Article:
12 October 2017
The Internet of Things (IoT) has been defined in different ways. Some consider it to be purely machine-to-machine communication, others view it as the interaction of smart devices (an electronic device than can communicate with other devices) with the internet. Whatever the definition, the IoT vision is clear – an enhanced communication system that enables continuous real-time flow of information.
What is the internet of medical things? - view the infographic here
The continuing development of smart devices coupled with advanced telecommunication systems are enabling this vision and driving us towards the generation and exchange of ever increasing volumes of data. IoT could help underpin a ‘connected health system’ – one in which information can be accessed and transferred more easily and efficiently between different parts of the health system and in doing so improve and enhance how health is managed. Although progress is being made towards this vision, there are challenges to overcome before IOT become a commonplace in healthcare.
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The internet of things brings together a technologies such as wearables, data storage, analysis and telecommunication to allow greater networking between devices and information exchange. IoT applications are based on different combinations of these technologies resulting in different levels of applications. Simple applications for example can track an individual’s activity (e.g. Fitbit) but do not analyse the information or transmit it to other devices independently. Complex applications are those that monitor, analyse and prompt a response (e.g. a smart inhaler that records and transmits usage data to a digital platform allowing the user and clinicians to examine usage and adherence).
IoT devices and systems are being developed by a large number of companies, with healthcare applications being targeted for both health systems, as well as individual citizens. This is sometimes referred to as the internet of medical things (IoMT)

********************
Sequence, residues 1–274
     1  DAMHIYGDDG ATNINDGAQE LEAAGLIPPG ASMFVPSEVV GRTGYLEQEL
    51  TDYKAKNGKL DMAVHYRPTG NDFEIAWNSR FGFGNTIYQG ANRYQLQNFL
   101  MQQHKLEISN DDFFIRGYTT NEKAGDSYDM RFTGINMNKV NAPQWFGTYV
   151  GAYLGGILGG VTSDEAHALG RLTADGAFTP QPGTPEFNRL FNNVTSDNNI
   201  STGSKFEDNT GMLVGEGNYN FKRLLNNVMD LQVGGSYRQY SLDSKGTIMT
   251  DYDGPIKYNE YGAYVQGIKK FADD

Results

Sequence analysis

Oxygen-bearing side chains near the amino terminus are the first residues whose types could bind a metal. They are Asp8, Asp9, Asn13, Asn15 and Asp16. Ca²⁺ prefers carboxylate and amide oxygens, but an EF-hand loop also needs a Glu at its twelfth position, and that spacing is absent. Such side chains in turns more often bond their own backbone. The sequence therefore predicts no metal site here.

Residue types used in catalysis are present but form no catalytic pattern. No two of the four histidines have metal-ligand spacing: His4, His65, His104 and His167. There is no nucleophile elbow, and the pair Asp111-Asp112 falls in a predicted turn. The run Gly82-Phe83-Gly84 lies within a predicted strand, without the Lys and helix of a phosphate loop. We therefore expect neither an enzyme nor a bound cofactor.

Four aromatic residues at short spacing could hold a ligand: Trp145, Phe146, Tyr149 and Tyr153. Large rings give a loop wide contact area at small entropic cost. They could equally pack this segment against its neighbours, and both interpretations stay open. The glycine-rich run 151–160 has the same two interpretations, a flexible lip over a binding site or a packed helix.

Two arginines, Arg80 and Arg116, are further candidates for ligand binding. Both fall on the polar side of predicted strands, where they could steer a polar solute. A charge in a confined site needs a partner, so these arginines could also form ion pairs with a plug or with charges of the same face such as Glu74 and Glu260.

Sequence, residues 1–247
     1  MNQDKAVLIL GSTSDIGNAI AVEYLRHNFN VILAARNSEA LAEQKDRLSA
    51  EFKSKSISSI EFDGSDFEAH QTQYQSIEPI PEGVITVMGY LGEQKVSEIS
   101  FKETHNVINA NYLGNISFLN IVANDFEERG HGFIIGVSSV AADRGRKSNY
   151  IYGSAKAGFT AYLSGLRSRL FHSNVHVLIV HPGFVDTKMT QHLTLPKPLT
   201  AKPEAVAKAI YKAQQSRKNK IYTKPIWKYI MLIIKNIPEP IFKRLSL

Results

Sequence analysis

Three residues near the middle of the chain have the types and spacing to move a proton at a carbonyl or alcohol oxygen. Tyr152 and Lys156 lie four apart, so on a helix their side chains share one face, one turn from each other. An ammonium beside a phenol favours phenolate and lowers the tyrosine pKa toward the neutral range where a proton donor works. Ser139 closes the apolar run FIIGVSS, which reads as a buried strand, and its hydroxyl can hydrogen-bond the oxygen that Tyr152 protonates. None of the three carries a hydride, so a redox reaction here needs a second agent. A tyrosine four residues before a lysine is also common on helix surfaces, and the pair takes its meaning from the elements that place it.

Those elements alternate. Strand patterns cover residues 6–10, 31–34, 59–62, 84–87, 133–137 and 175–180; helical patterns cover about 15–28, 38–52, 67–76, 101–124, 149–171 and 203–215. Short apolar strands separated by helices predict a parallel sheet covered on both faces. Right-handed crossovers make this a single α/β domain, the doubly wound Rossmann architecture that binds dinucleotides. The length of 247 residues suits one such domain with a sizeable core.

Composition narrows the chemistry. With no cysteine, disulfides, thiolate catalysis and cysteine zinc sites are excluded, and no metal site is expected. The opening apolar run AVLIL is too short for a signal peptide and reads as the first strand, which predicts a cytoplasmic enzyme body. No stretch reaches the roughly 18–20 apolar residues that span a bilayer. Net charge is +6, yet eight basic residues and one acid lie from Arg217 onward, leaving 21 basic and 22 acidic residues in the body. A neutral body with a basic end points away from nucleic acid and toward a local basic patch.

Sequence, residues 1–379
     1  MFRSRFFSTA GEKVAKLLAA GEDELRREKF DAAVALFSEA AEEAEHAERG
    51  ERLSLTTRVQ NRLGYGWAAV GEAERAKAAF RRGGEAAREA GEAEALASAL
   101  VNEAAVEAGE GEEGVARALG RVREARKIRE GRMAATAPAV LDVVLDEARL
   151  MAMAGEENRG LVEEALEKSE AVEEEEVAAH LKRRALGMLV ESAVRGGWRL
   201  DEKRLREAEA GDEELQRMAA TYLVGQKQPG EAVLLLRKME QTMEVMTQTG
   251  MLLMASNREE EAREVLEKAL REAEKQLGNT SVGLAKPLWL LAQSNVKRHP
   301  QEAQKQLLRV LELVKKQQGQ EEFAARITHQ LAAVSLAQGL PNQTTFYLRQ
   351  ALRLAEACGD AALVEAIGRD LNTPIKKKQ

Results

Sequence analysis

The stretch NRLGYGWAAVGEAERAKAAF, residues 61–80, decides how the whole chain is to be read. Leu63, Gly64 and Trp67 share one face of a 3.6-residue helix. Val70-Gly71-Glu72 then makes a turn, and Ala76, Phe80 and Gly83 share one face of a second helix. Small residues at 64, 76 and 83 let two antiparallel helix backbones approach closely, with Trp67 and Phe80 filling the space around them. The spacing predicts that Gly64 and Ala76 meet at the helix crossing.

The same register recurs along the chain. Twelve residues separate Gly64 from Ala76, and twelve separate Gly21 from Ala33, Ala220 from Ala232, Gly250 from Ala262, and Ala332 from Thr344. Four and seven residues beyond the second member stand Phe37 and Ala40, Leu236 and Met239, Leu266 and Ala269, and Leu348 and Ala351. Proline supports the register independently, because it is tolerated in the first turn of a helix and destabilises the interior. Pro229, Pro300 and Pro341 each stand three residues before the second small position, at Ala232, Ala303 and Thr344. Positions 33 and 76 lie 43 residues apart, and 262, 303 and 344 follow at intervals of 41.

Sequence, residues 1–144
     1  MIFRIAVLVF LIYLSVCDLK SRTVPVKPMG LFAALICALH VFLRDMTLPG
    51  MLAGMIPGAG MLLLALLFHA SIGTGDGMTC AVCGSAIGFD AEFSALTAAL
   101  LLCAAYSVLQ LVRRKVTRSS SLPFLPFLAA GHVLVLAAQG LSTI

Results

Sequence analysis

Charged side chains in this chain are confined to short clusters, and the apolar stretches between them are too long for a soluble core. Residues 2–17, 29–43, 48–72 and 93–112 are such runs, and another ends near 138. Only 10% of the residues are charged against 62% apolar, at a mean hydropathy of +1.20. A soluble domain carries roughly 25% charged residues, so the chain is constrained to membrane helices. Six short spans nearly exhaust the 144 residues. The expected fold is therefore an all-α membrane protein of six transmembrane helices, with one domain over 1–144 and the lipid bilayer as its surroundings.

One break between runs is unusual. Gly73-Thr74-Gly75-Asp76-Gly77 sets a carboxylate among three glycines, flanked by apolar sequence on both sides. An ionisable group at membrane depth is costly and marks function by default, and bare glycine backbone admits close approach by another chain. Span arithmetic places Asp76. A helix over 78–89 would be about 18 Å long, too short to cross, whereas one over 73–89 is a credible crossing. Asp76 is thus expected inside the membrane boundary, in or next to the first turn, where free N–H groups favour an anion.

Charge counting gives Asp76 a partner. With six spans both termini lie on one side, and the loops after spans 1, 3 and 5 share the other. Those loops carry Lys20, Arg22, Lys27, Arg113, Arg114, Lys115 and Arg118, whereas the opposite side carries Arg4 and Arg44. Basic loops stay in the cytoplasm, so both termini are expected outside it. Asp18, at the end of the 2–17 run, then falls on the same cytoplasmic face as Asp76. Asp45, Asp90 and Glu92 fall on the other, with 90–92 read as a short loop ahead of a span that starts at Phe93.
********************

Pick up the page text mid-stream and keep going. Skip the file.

Two areas where IoMT are currently having an impact are assisted living and chronic disease monitoring. Devices that monitor activity around the home and transmit this to either a carer or health professional are enabling supervision of home environment and provision of care at home in vulnerable groups.
IoT-enabled devices such as wearables and ingestibles are available that allow greater physician-patients engagement to ensure compliance with treatment and medication and enable remote health monitoring. The main area being targeted is diabetes although devices are being developed for conditions such as asthma, and cystic fibrosis.
The value of IoT for healthcare has been recognised by the NHS and is being trialled in two NHS test bed projects. Technology integrated health management (TIHM) is aiming to identify technologies that can be placed in people’s homes to improve care for people with dementia and the Diabetes Digital Coach is examining the use of remote monitoring and coaching technology for better self-management of the condition.
Current IoMT uses tend towards the simpler rather applications i.e. we have a number of Smart devices but they are not connected to a wider ecosystem. Technical, ethical and legal challenges need to be addressed before the more sophisticated and potentially transformative applications of IoMT can emerge:
IoMT can create a paradigm shift in the interaction between different parts of the health system by allowing more remote monitoring, easier access to and quicker flow of larger volumes of information and greater citizen/patient involvement in health care. This may put greater responsibility on individual patients for monitoring their conditions and managing their care. It will also require secure and robust systems to manage and secure data, as this will be critical to safeguard data and build the patients and public’s trust to sharing their data. In addition systems will need to be created that enable assessment of this information, be it by an algorithm or health professional.
Although current technologies are limited in their connectivity both with external systems and in the range of current measurable characteristics, this is hardly likely to be the case for much longer. Investment in IoT is large and societies are becoming increasingly reliant on algorithms to provide them with efficient and effective solutions. Further developments in this field are going to be influenced by the degree to which individuals are willing to be monitored and share this information.